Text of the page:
The Green Deal home insulation scheme is a first of its kind; a massive national home improvement programme that aims to encourage households (and businesses) to improve the energy efficiency of their poorly insulated and heated homes and workplaces.
By upgrading the country’s ageing housing stock en masse the Government is attempting to tackle the growing issue of fuel poverty head on and sees energy efficiency key to reigning in the problem before it escalates even more out of hand. Energy bills aside, the Green Deal will also help the Government address its carbon emissions reduction targets.
Although it’s still relatively early days for the Government’s flagship scheme, it’s common for these kind of initiatives to be clouded in confusion. But it’s only a matter of time for the Green Deal to find its feet. From the first mentions of the scheme back in 2010 it’s launch in January 2013, Green Deal Guide attempts to address the most frequently asked questions.
What is the Green Deal
It’s a scheme introduced by the Government to encourage home owners, landlords and businesses to make their properties more energy efficient by implementing a range of measures at no upfront cost.
When does it start
The programme had a soft launch on 1 October 2012. But it was a very low key affair. The Green Deal received its ‘proper’ launch on 28 January 2013.
Do I qualify
Yes, the Green Deal is open to anyone. There’s no restrictions or boxes to tick. Basically if you’re interested then you’re eligible to take part.
Is it compulsory
No, the Government scheme is completely voluntary. There’s no pressure on anyone to take part if they don’t want to.
Why should I get involved
We could bang on about lowering your carbon footprint but we won’t. While reducing carbon emissions is part of the whole Green Deal agenda, you’re probably going to be more interested in what the Green Deal can do in terms of transforming your home from a poorly heated and insulated abode into a warm and cosy castle fit for a King (or Queen) and one that doesn’t leak energy or cost a bomb to heat. So if you want to save money by saving energy then the Green Deal is going to be right up your street.
Sounds good but how much is all this going to cost
The great thing about the Green Deal is that you won’t have to put your hand in your pocket to pay for any of the work upfront. Although certain measures may require some part-payment up front (like solar PV for example) the biggest selling point for the Green Deal is that work will be carried out for free initially, which you pay off through a charge on your energy bills. The money used initially to pay for the measures is taken from the Green Deal Finance Company; a private consortium which was established to support the uptake of energy efficient home improvements.
What sort of work can I get done under the scheme
The Department of Energy and Climate Change has put together a list of more than forty energy efficiency measures which can be implemented as part of the Green Deal. Products which a) keep heat in b) heat your home and c) generate your own energy make up the list. Approved Green Deal measures include cavity wall insulation, double glazing, loft insulation, solar PV panels, condensing boilers, solid wall insulation, draught proofing and heat pumps.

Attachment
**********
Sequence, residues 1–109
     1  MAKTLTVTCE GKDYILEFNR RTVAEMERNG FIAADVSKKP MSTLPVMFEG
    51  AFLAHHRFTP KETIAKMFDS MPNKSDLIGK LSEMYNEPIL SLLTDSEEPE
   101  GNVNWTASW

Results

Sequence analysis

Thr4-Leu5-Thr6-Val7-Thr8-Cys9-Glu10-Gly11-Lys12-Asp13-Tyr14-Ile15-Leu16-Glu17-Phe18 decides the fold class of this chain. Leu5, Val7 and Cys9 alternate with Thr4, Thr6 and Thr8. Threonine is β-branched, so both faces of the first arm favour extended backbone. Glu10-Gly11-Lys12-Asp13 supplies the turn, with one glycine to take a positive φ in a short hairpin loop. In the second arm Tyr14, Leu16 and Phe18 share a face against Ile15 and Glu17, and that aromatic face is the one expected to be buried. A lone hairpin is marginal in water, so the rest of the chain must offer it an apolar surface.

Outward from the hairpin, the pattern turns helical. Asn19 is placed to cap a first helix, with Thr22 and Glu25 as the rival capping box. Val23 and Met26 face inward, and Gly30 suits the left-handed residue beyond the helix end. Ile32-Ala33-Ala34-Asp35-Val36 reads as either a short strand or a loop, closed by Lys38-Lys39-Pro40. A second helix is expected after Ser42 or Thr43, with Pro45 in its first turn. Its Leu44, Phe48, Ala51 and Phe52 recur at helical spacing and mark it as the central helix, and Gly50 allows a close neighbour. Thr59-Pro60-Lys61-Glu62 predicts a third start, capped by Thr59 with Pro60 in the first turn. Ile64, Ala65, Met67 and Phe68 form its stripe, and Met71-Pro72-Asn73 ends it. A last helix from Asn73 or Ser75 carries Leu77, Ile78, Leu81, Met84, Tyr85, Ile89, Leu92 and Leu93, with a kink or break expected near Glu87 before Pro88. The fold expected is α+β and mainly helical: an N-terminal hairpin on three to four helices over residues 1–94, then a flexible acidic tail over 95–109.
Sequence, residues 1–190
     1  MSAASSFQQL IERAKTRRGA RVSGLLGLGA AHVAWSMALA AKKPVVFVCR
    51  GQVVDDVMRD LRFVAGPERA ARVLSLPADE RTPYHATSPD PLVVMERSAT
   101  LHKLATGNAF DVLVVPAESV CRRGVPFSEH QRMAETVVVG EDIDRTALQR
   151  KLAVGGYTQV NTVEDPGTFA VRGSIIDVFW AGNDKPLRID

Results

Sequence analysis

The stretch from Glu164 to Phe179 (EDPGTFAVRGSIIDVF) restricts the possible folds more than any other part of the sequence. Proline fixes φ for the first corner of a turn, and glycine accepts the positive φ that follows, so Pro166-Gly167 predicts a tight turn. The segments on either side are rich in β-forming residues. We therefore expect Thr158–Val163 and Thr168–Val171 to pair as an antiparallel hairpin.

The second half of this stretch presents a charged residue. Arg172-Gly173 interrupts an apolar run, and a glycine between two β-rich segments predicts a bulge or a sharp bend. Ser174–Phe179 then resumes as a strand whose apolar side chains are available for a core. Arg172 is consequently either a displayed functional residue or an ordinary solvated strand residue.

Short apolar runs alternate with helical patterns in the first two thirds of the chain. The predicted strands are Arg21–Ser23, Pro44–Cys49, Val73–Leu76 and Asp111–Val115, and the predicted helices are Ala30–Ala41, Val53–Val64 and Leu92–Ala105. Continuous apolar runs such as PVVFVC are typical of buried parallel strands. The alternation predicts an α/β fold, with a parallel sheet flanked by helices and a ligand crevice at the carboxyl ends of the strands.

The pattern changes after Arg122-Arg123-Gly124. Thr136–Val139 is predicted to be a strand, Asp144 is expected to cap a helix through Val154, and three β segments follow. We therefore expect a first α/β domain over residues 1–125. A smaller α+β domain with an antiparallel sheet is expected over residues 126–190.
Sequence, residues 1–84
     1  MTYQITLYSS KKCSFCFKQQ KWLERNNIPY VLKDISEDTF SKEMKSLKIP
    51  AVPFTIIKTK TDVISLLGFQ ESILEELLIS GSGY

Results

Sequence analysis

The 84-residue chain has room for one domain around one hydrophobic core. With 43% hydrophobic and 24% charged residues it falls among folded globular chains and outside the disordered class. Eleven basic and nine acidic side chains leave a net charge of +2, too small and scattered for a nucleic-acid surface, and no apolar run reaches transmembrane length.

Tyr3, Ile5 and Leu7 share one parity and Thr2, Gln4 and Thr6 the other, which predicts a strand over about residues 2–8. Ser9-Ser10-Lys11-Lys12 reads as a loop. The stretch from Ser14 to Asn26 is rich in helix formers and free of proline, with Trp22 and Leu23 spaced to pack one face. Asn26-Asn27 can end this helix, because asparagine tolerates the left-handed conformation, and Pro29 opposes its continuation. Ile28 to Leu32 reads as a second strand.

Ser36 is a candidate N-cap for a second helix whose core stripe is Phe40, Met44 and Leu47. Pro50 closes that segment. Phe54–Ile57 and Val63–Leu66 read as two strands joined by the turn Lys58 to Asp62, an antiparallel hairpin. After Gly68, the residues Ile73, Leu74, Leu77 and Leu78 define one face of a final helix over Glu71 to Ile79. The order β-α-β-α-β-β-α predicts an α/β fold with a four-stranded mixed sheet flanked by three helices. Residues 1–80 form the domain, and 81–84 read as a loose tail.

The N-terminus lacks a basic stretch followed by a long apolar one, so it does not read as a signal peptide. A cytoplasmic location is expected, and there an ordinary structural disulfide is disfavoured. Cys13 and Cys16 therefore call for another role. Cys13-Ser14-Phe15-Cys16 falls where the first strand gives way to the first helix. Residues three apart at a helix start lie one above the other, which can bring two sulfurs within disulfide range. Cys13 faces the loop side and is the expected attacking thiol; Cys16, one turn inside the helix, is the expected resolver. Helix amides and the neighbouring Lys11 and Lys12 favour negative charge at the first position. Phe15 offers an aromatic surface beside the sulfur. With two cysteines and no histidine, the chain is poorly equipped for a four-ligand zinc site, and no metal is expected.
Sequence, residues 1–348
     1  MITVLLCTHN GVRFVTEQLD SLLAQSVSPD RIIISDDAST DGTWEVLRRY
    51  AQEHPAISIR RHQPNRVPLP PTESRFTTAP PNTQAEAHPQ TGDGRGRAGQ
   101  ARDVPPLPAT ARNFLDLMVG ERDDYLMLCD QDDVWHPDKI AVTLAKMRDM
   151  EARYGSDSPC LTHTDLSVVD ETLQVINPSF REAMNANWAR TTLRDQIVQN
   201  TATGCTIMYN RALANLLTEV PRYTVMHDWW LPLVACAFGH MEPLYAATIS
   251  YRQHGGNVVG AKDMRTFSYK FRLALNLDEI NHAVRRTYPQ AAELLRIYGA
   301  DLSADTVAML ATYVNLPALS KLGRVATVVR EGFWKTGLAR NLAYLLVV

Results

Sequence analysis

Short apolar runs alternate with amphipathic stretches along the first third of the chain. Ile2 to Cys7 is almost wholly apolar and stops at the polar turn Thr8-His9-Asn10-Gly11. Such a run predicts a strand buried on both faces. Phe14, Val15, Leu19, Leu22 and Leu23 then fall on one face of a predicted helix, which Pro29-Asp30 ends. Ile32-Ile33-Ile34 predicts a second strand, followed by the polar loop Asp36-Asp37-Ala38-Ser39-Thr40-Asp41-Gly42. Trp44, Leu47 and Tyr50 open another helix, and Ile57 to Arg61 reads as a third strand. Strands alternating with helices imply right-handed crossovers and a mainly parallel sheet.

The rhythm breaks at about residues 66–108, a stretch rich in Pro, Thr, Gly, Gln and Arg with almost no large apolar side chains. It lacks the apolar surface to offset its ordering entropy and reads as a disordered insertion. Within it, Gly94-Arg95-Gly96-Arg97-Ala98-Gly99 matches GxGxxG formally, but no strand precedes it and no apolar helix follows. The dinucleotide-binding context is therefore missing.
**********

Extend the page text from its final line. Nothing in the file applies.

What’s this I hear about a ‘Golden Rule’
The whole of the Green Deal is built around it. Basically it means savings made on your energy bills through carrying out the measures must overcome the installation cost. After your initial Green Deal assessment a Green Deal provider will make you a finance offer which is based on estimated savings from having their recommended measures installed. The bottom line of the ‘Golden Rule’ is that estimated savings which will be made over the lifetime of the Green Deal Plan must be more that what it’s going to cost you to repay whatever work you have done.
How does the repayment scheme work
Savings achieved on energy bills over the lifespan of an installed product will be used to pay back the loan.
Who collects the Green Deal charge
Your energy provider is responsible for collecting the Green Deal charge. instalments collected through the respective energy bill. Payments will be made in instalments which are collected through your energy bill.
What protection will consumers have
The Government is committed to ensuring Green Deal customers have the highest level of protection and confidence in the scheme. Aside from the ‘Golden Rule’ there will be a cold calling protection in place, with a 24 hour cooling off period which must be adhered to. In addition, customers cannot be cross-sold other products by Green Deal assessors unless they give their permission and assessors must also be very clear to inform a customer if they are tied to a Green Deal provider and when switching from impartial advisor to salesperson. Last but by no means least providers must offer minimum periods of mandatory cover; specifically 25 years for cavity wall insulation and solid wall insulation, 10 years for building damage cover and 5 years for warranties.
Will there be a cap on the level of finance available
No, although the amount will be limited by the ‘Golden Rule’.
What will happen if I move
If you are planning to move you must be upfront about any Green Deal loans that you have taken out to install energy efficient home improvements on your property. This is because the loans remain tied to the property, so it will be the responsibility of the new owner to take over any Green Deal repayments and it will remain so until the debt, which is linked to the electricity account, is paid off.
Editor’s note: this article was updated on 4 July 2014